IIRC, the freight trains run every 2-3 hours at healthy 45-55 mph, so the trains shouldn't interfere very much, especially if the line is remotely controlled to allow efficient wrong-track overtakes. This covers whole WV section. There could still be problems at VA approach to drainage divide (according to this page, it's twice steeper than whole WV section) and single tracked line through Blue Ridge Mountains.

jim said...

NYP-CIN is already in day-train territory. The run takes 18 hours. Two sets, 6AM to midnight each direction. It's the CIN-CHI segment that needs improvement: 320 miles in 8.5 hours: less than 40 mph.

Recall: Amtrak tried to discontinue this train once already. The 1979 act allowed Amtrak to cancel routes, subject to congressional disapproval. 1980: Amtrak announces cancellation of the (then Chicago to Washington) Cardinal. WV and Cincinnati combine to ferociously lobby against it. There were negotiations. Upshot: Amtrak agreed to restore the train, BUT only three days a week with minimal services (there's never been a baggage car, there's only been a dining car for two years and that by accident and there's only ever been one sleeper), BUT it'd run to NYP. The compromised was enshrined in official congressional disapproval of the cancellation.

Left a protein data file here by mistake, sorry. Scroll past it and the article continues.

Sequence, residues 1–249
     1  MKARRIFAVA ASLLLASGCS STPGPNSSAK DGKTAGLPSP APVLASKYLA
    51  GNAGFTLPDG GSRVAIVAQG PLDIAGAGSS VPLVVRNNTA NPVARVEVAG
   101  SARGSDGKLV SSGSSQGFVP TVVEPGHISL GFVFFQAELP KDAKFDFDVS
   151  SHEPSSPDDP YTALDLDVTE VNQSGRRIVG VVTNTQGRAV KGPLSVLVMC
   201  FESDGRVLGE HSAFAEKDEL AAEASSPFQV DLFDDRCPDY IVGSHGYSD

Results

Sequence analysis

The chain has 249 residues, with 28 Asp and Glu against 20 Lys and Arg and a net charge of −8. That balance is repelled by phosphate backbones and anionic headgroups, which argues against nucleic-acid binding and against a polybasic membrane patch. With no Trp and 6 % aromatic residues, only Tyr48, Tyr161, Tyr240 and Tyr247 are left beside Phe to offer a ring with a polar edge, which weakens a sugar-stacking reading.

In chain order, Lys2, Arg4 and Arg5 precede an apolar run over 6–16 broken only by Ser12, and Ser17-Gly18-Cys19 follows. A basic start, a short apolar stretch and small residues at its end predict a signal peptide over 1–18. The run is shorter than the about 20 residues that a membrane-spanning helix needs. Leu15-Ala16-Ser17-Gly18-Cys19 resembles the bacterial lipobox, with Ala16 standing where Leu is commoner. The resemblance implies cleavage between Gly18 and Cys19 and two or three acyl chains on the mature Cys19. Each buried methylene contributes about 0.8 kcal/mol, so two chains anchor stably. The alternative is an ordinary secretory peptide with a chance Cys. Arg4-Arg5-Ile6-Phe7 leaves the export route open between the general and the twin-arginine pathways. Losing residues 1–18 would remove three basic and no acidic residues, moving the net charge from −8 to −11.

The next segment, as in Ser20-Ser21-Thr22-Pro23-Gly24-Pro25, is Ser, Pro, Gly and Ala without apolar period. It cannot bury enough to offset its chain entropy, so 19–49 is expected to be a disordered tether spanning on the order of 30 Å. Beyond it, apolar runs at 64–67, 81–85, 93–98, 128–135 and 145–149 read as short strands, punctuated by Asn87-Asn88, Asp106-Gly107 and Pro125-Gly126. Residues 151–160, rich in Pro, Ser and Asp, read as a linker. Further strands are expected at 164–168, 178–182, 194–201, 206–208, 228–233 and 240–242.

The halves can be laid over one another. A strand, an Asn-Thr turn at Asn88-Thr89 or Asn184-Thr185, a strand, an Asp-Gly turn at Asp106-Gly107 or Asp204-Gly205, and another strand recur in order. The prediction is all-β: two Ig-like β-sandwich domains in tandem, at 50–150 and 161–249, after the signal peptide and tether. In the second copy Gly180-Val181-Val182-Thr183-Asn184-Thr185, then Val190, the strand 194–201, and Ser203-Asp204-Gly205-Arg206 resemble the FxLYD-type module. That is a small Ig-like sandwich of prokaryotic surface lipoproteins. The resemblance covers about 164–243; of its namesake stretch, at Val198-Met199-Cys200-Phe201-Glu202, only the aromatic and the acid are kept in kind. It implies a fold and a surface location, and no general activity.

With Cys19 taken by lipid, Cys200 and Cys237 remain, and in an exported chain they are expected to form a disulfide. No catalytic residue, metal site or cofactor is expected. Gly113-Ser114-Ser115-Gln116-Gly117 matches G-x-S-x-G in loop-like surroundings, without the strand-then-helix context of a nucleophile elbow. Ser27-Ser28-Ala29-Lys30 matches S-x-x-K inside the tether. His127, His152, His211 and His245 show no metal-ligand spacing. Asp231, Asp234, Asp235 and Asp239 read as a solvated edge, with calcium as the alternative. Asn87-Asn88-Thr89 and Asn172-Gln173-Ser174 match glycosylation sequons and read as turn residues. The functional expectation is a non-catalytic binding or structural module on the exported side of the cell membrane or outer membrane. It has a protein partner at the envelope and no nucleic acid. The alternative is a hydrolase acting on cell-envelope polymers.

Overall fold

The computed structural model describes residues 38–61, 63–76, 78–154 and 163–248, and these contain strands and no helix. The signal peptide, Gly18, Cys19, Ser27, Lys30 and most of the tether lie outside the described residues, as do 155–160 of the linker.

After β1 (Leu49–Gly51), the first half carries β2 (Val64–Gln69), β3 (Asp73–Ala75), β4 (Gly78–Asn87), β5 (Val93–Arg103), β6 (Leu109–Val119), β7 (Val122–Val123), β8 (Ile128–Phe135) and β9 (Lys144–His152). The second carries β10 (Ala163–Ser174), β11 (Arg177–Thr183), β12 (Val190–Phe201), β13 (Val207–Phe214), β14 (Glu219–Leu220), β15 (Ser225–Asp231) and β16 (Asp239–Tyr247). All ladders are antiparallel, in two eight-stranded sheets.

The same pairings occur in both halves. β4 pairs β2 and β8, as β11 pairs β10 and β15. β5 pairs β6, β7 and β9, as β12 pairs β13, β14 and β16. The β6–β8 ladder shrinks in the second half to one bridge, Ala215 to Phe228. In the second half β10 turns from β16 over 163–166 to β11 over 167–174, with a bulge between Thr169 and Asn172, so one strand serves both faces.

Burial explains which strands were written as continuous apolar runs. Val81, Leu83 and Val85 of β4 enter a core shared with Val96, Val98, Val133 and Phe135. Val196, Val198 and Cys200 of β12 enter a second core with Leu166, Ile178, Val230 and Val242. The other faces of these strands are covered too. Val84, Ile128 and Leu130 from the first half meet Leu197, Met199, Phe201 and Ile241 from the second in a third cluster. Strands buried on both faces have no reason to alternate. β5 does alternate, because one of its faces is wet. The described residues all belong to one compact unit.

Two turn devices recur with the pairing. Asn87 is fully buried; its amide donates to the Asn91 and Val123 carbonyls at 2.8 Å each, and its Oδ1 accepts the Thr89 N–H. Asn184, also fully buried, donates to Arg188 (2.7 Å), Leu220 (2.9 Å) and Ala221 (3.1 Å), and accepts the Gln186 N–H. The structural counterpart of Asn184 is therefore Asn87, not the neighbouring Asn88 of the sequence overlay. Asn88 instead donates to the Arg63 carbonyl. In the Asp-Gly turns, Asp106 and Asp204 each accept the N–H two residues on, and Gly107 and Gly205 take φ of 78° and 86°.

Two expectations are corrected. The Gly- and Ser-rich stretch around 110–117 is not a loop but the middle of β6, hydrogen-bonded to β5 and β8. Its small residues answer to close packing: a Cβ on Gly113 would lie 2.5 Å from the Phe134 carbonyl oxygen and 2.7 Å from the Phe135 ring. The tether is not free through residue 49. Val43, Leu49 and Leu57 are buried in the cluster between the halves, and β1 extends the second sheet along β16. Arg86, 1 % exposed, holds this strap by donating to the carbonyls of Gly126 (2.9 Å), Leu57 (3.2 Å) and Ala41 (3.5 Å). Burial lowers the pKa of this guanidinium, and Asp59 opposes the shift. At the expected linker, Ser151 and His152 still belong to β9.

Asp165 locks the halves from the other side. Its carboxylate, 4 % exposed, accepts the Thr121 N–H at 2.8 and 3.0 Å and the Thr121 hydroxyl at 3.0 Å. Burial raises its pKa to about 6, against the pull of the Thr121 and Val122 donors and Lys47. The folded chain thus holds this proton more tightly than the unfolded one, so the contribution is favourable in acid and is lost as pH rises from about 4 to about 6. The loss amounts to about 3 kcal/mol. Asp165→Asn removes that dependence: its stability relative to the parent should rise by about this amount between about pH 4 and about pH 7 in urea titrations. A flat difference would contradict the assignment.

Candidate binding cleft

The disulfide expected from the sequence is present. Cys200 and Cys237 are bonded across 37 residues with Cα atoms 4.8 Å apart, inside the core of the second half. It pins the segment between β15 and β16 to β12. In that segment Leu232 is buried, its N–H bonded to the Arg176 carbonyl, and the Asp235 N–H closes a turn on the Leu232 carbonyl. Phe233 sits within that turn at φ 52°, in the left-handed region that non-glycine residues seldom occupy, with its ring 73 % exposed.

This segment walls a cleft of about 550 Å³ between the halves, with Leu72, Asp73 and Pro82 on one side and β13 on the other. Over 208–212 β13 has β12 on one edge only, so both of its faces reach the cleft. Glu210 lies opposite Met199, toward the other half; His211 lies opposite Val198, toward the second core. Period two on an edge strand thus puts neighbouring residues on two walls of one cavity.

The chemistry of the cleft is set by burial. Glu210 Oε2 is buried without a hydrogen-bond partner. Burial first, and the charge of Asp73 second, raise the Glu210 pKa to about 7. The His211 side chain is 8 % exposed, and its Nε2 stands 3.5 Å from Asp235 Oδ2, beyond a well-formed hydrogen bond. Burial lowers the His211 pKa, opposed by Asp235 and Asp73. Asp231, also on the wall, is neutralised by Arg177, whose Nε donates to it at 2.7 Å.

To reopen the compromise requires congressional action. Amtrak won't attempt to do that unless it can get some real reduction in its losses from the train. Obviously one way of reducing the losses from the train is to get it cancelled (and I still think that's the likely outcome if WV can't wield a big congressional stick); the other is to turn it into a day train. A daily day-train from NY to Cincy would cost about as much to run as the three day a week night train from Chicago to New York. It might well attract double the ridership.

Couple that with extending the Hoosier State to Cincinnati, and Cincy's looking fairly good (especially if Triple-C can be brought into Cincinnati Union Terminal). WV would lose its train to Chicago, but would get a daily train into the NEC.

I don't know if anyone is looking to broker a compromise, but if someone is, there's a possible outcome.